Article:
“You state in your first post that you are not a proponent of ID, but a Creationist. Next post, and you support ID. Which is it? I don't think that you know, do you.”
Then you need to read better. (with the exception of the typos I make on the wretched laptop) I endorse science, you endorse suppression of research mainly through ridicule over substance. I have no problem with the studies of ID, or Darwinism being taught as long as scientific methods are being used. You know what scientific methodology is right?
observation → induction → hypothesis → test hypothesis by experiment → proof/disproof → knowledge.
Of course this, and the whole approach to modern science, depends on two major assumptions: causality and induction. The philosopher Hume made it clear that these are believed by ‘blind faith’ (Bertrand Russell’s words). Kant and Whitehead claimed to have solved the problem, but Russell recognized that Hume was right.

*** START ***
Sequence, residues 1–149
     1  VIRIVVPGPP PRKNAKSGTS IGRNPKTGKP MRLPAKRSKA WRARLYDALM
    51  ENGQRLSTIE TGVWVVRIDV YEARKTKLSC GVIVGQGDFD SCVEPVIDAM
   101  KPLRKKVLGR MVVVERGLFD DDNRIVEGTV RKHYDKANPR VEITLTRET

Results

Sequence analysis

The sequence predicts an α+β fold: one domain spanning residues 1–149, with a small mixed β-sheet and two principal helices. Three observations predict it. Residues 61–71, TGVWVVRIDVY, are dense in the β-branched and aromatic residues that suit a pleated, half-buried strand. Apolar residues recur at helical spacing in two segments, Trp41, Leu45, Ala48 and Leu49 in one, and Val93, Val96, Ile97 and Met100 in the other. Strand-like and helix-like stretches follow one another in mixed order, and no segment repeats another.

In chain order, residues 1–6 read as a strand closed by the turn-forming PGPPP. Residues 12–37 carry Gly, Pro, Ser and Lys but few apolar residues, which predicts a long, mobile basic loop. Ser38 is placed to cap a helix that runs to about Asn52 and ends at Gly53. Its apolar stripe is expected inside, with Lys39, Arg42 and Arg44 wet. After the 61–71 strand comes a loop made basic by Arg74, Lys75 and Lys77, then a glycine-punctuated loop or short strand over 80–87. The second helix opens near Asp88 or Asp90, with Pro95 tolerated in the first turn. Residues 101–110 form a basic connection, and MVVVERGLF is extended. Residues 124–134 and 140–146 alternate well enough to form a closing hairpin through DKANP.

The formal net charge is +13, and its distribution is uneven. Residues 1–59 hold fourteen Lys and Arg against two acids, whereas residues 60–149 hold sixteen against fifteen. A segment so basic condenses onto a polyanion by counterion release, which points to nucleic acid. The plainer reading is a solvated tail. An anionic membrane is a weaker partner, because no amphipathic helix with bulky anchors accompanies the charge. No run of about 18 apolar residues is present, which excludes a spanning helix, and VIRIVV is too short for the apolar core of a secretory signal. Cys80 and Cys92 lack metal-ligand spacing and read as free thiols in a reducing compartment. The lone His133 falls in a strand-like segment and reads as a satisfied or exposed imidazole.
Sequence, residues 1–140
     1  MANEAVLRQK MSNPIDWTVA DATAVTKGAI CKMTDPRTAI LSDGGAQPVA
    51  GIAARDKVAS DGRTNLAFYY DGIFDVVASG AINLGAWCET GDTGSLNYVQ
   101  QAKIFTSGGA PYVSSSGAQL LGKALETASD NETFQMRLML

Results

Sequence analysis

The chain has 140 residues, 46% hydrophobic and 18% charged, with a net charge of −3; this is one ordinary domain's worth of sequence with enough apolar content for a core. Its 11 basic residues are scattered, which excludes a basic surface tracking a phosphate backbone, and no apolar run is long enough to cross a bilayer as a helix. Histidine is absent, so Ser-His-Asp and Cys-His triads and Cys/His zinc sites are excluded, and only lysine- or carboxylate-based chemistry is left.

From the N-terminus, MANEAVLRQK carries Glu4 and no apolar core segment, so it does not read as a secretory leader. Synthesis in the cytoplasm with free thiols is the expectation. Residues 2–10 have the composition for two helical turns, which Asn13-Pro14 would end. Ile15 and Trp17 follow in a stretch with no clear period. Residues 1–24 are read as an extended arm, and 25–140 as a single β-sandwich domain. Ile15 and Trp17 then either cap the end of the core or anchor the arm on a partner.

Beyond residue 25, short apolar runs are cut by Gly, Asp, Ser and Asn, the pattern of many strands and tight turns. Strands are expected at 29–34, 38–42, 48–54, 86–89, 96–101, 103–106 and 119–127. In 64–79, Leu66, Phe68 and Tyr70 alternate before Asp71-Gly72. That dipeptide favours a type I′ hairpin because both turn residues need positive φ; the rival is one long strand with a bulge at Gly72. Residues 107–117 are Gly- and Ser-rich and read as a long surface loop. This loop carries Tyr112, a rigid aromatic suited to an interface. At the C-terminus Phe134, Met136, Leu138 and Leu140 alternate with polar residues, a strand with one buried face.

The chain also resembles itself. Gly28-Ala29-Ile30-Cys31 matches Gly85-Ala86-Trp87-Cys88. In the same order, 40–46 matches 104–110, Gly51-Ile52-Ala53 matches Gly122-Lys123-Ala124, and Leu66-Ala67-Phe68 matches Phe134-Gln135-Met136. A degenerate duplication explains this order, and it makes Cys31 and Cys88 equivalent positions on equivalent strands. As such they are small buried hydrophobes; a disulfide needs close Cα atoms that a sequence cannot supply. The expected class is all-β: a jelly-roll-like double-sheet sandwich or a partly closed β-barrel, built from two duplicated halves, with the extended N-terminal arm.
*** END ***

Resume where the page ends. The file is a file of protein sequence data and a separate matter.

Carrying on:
Anything using this methodology is science and no matter how vociferously you yell otherwise will change that.

“"Most I.D. and Creationist advocates have zero problem with Evolution being taught. They trust their data to hold up, and fill many of the holes evolutionists leave laying there"

Then why are you here, and why are you posting saying that 'Darwinists' are such a major problem for you? Frankly, I haven't a clue where you're coming from.”
Of course you don’t, when caught up in dogma people rarely actually listen. Did you even bother reading Steve Abrams letter? You are for suppressing scientific study that goes against your agenda, I and most Creationsist and ID advocates I know are fro science in it original form not the re-invented definition of science you seem to use. Stop the shoddy rhetoric ad witch hunts and if someone uses proper methodology ad you don’t agree refute it with your own study not schoolyard ridicule. Or better yet you go out and actually using scientific methods show where your opponent failed to use those methods.